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Tracking Hasan Elahi

By Ethan Zuckerman

Hasan Elahi is a conceptual artist whose life is an ongoing work about surveillance. He starts by telling us a chilling story - his detention by the INS at Detroit Airport after returning from a trip from overseas. An immigration officer scanned his passport and blanched, then led Alahi through a maze under the airport to an INS detention facility. As a US citizen, this was pretty odd - he tried to talk with the guards to figure out what was going on. But it all became clearer when the man from the FBI in the dark suit came to talk with him.

The FBI asked him about his whereabouts on September 12, 2001 - he was able to answer the questions by taking out his Blackberry and showing off his meetings. Over the course of questioning, it became clear that the reason he was being questioned was that he had a storage locker in Tampa, where he'd been teaching. Scared by 9/11, the owners of the storage area reported that 'an Arab man had fled on 9/12, leaving explosives in his locker.' There were, of course, no explosives, and he hadn't fled - just the detritus of ordinary life.

Elahi's life for the next few months involved dozens of interviews with the FBI, finally culminating in nine back to back polygraphs, which finally 'cleared' him. He explains that the power dynamic of an FBI interview leads to a very human response - the desire for survival. Elahi says that he could have questioned the legality of the experience, hiring a lawyer--but he realized that there was the possibility that any act of resistance could have gotten him sent to Guantanamo.

For the next few months, every trip Elahi took, he'd call his FBI agent and give the routing, so he didn't get detained along the way. He realized, after a point - why just tell the FBI - why not tell everyone?

So he hacked his cellphone into a tracking bracelet which he wears on his ankle, reporting his movements on a map - log onto his site and you can see that he's in Camden. But he's gone further, trying to document his life in a series of photos: the airports he passes through, the meals he eats, the bathrooms he uses. The result is a photographic record of his daily life which would be very hard to falsify. We all know photos can be digitally altered--but altering as many photos as Elahi puts online would require a whole team trying to build this alternative path through the world.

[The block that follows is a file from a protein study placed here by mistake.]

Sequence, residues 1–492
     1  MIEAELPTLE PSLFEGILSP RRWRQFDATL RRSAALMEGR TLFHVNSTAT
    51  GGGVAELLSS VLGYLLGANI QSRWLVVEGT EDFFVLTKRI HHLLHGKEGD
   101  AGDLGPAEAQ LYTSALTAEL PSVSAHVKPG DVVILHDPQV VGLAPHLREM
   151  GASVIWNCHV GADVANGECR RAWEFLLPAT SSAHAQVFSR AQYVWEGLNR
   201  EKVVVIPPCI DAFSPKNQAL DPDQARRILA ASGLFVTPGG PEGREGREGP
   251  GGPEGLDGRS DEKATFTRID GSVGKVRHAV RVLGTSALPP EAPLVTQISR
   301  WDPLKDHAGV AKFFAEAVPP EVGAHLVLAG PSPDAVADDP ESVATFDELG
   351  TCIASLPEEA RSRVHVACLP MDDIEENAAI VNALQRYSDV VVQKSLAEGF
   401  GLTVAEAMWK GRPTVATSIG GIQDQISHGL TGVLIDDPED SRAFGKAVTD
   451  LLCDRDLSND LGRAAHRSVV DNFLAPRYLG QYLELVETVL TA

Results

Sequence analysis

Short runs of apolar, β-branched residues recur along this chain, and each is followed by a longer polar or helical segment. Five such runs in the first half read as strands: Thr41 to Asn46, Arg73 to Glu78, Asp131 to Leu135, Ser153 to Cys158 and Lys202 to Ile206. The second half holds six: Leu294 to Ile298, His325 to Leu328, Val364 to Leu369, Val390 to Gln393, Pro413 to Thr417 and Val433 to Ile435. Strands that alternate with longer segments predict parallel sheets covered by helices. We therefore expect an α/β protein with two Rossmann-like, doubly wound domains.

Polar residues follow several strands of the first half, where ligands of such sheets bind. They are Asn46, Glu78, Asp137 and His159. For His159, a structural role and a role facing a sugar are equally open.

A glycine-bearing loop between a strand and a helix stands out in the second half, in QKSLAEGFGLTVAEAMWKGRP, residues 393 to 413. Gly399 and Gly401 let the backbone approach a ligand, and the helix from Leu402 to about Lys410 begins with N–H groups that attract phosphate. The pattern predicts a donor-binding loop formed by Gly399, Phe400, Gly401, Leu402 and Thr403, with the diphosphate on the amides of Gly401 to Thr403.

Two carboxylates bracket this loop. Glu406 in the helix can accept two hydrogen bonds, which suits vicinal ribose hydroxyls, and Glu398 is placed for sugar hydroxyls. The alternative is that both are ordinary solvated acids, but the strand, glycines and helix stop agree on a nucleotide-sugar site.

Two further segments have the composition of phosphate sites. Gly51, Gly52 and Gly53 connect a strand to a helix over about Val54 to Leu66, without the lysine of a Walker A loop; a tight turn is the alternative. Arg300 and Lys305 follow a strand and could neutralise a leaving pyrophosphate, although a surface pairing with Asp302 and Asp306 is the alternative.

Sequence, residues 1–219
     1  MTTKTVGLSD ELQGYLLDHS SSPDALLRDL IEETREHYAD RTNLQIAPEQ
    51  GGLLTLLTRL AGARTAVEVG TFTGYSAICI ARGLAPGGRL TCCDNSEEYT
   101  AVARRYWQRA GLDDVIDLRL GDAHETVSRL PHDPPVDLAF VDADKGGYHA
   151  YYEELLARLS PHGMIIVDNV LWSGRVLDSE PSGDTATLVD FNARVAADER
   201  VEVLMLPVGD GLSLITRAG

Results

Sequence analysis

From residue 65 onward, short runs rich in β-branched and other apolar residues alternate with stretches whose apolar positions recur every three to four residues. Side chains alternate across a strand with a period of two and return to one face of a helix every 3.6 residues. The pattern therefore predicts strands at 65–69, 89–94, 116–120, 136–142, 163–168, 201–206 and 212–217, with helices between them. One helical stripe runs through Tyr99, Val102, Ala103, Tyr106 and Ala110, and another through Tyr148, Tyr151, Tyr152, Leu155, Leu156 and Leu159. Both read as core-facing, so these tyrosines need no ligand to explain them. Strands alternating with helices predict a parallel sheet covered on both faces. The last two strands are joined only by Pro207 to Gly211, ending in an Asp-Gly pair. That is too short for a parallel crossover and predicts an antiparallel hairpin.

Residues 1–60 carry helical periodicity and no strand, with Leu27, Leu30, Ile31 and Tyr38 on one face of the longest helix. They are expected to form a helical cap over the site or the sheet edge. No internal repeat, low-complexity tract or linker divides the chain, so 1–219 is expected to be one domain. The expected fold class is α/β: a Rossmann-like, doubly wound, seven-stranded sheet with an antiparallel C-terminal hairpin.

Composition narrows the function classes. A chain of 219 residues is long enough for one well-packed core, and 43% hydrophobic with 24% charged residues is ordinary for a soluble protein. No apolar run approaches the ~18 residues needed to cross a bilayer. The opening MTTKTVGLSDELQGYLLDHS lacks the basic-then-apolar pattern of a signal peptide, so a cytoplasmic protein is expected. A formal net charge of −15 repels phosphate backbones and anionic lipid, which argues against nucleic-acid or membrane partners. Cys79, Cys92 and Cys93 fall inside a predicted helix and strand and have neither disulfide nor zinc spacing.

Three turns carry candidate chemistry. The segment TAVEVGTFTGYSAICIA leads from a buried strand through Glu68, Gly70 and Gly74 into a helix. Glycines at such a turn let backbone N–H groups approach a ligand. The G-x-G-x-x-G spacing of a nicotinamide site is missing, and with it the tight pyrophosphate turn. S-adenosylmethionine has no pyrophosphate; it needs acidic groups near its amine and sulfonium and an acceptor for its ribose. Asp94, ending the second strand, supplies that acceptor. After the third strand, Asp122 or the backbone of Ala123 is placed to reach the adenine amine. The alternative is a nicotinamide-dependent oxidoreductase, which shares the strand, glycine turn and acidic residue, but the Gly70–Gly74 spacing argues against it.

Elahi also puts other apsects of his life online, including his banking records. This gives a record of his purchases, which complements the photographs. He doesn't put the phone records online, because it would compromise the privacy of the people he talks with, and some friends have asked him to stop visiting, but he views the self-surveillance both as an art form and as his perpetual alibi for the next time the FBI questions him.

At the same time, he's stretching the limits of surveillance systems, taking advantage of non-places. He flew to Singapore for four days and never left the airport, never clearing customs. For four days, he was noplace - he'd fallen off the map, which is precisely what the FBI and others worry about. But he documented every noodle and every toilet along the way.

One of the audience questions asks whether the FBI actually threatened Elahi with Guantanamo, or whether his 'artistic temperment' might have exaggerated the seriousness of the situation. Elahi explains that it was never made concrete, but that he certainly felt the threat of indefinite detention, and that he believes the only thing that saved him was a common culture - the ability to quote the lyrics of country songs, or talk about college football, the sort of things a terrorist would find very hard to fake.

Another questioner wonders if Marianne Weems will make a show about Elahi - she mentions that an earlier piece, 'Jet Lag' tells the true story of a woman who flies from Amsterdam to NYC 167 times, again and again, until she dies of jetlag. (Still trying to find a reference to this story) Given that Elahi's life involves all the issues Weems is most interested in, she admits that a piece based on his experiences would be irresistable.

(Posted by Ethan Zuckerman in Arts at 09:46 AM)

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